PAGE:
The anniversary of the Octon (4 eclipse years in 47 lunar months) did not provide similar eclipses and so, by counting more than four, the other motions of the Moon could also form part of that anniversary. This is especially true of the anomalistic month, which changes the changes the apparent size of the Moon within its phase cycle, recreate the same type of lunar eclipse after nineteen eclipse years. This 18 year and 11 day period is now taken as the prime periodicity for understanding eclipse cycles, called the Saros period – known to the Babylonian . The earliest discovered historical record of what is known as the saros is by Chaldean (neo-Babylonian) astronomers in the last several centuries BC.
The number of full moons between lunar eclipses must be an integer number, and in 19 eclipse years there are a more accurate 223 lunar months than with the 47 of the Octon. This adds up to 6585.3 days but the counting of full moon’s is obviously ideal as yielding near-integer numbers of months.
We noted in a past post that the anomalistic month (or AM), regulating the moon’s size at full moon, has a geometrical relationship with eclipse year (or EY) in that: 4 AM x pi (of 3.1448) equals the 346.62 days of the eclipse year as the circumference. Therefore, in 19 EY the diameter of a circle of circumference 19 x 346.62 days must be 4 x 19 AM so that , 76 AM x pi equals 223 lunar months, while the number of AM in 223 lunar months must be 239; both 223 and 239 being prime numbers.
Continue reading “The Best Eclipse Cycle”
We all know about solar eclipses but they are rarely seen, since the shadow of the moon (at one of its two orbital nodes) creates a cone of darkness which only covers a small part of the earth’s surface which travels from west to east, taking hours. For the megalithic to have pinned their knowledge of eclipses to solar eclipses, they would have instead studied the more commonly seen eclipse (again at a node), the lunar eclipse which occurs when the earth stands between the sun and the moon and the large shadow of the earth envelopes a large portion of the moon’s surface, as the moon passes through our planet’s shadow.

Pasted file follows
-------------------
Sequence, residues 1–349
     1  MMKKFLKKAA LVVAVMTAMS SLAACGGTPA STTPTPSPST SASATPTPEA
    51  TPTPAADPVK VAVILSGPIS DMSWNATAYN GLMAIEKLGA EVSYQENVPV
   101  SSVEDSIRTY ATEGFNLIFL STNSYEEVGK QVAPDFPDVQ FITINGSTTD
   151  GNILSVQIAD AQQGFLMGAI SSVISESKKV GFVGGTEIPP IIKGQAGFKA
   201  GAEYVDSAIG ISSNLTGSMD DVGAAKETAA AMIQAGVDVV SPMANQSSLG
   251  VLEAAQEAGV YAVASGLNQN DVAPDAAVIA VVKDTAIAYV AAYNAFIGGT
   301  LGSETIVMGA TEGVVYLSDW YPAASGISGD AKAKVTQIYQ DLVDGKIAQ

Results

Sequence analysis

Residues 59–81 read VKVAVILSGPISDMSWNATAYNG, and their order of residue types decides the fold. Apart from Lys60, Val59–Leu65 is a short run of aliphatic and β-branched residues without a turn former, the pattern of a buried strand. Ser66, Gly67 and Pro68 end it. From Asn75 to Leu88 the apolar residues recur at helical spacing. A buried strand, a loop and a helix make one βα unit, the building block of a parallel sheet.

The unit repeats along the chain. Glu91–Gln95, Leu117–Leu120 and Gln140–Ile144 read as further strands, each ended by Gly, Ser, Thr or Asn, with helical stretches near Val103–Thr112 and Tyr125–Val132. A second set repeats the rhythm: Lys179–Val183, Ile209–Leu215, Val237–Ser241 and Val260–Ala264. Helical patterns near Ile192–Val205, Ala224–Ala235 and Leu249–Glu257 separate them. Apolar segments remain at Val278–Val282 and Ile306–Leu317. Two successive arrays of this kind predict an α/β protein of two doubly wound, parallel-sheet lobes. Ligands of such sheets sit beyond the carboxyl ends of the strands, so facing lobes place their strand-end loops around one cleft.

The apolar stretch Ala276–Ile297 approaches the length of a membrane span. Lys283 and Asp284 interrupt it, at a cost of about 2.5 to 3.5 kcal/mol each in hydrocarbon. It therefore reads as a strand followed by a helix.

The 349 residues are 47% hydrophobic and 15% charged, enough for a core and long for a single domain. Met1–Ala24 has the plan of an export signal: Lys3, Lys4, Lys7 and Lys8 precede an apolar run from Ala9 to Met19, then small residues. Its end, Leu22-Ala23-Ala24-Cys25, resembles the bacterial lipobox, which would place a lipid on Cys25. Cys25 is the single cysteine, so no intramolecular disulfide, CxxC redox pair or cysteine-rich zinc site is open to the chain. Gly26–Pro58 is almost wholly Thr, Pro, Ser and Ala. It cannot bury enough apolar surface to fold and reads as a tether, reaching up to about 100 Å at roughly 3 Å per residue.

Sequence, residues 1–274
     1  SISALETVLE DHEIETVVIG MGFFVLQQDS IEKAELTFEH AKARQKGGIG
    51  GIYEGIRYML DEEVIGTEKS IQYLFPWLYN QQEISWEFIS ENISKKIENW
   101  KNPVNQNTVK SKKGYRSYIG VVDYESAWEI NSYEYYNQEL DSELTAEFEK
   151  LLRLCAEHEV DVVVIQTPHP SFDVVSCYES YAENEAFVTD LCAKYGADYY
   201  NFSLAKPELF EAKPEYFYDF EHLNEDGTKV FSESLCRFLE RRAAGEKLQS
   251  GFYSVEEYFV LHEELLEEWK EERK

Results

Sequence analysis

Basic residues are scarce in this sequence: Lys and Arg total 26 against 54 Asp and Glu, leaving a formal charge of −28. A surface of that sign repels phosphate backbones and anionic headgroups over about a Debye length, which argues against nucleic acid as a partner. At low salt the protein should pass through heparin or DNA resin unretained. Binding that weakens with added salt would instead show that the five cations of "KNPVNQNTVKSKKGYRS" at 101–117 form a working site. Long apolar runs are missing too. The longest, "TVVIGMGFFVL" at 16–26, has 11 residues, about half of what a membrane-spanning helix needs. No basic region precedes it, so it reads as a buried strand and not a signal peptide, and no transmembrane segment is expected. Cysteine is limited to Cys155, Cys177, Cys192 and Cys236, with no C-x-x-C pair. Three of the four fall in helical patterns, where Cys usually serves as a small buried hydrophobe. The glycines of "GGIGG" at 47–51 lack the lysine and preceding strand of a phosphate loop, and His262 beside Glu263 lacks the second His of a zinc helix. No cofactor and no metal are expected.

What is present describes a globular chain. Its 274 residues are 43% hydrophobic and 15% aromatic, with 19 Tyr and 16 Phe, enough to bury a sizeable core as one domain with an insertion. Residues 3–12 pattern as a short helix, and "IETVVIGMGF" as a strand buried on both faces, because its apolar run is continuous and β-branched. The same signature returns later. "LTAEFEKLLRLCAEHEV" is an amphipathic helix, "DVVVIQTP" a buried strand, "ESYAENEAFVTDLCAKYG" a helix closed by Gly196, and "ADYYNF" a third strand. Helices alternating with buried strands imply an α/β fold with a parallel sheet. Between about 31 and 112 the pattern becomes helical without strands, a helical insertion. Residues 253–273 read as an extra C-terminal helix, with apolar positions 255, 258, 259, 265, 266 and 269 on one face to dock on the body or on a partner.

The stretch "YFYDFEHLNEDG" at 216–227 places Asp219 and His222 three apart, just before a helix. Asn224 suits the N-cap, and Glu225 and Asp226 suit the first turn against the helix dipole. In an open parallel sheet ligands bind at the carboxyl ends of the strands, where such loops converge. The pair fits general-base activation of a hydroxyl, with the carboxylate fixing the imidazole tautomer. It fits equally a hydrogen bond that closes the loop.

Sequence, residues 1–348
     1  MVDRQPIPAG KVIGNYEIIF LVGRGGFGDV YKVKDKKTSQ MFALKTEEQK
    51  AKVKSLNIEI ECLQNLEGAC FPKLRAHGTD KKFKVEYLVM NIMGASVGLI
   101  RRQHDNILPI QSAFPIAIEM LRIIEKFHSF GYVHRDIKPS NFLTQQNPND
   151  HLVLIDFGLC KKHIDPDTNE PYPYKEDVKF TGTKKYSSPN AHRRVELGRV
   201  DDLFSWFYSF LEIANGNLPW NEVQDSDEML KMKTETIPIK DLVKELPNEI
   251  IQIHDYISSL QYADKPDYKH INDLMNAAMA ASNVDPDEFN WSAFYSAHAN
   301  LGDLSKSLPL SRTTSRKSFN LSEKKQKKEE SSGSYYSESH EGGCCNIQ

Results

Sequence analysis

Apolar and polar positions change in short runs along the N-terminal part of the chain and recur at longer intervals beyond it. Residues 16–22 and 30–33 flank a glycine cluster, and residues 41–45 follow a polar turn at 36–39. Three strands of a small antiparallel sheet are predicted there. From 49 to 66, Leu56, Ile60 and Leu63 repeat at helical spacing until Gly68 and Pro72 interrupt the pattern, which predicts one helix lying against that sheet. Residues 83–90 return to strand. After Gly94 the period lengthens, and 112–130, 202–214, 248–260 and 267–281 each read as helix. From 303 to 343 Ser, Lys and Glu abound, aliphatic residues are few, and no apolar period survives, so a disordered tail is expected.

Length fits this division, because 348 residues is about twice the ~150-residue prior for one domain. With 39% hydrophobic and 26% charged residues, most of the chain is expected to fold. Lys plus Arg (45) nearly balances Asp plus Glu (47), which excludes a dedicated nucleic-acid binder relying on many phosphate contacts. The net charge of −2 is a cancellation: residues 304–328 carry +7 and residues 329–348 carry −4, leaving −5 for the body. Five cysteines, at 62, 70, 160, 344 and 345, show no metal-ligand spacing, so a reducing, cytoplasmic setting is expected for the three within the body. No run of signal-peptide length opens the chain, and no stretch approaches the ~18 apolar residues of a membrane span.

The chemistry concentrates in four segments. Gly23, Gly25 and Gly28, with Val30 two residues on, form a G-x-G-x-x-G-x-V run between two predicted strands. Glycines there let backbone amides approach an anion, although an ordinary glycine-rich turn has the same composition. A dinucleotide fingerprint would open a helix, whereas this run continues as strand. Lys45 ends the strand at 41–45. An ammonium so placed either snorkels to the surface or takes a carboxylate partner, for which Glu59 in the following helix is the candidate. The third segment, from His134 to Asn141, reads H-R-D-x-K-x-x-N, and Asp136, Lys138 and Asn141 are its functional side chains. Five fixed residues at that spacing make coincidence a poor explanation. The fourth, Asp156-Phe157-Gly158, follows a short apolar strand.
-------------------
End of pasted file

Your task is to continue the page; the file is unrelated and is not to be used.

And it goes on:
This phenomenon of eclipses is the result of many co-incidences:
Firstly, if the orbit of the moon ran along the ecliptic: there would be a solar eclipse and a lunar eclipse in each of its orbits, which are 27 and 1/3 days long.
Secondly, if the moon’s orbit was longer or shorter, the angular size of the sun would not be very similar. The moon’s orbit is not circular but elliptical so that, at different points in the lunar orbit the moon is larger, at other points smaller in angular size than the sun. This is most visible with solar eclipses where some are full or total eclipses, and others eclipse less than the whole solar disc, called annular eclipses.
Thirdly, the ecliptic shape of the moon’s orbit is deformed by gravitational forces such as the bulge of the earth, the sun and planets so that its major axis rotates. When the moon is furthest away (at apogee), its disc exceeds that of the sun. And when the moon is nearest to the earth (at perigee), its disc is smaller than that of the sun. This type of progression is called the precession of the lunar orbit where the major axis travels in the same direction as the sun and moon. This contrasts with the precession of the lunar nodes which also rotate (see later).
Continue reading “The Strange Design of Eclipses”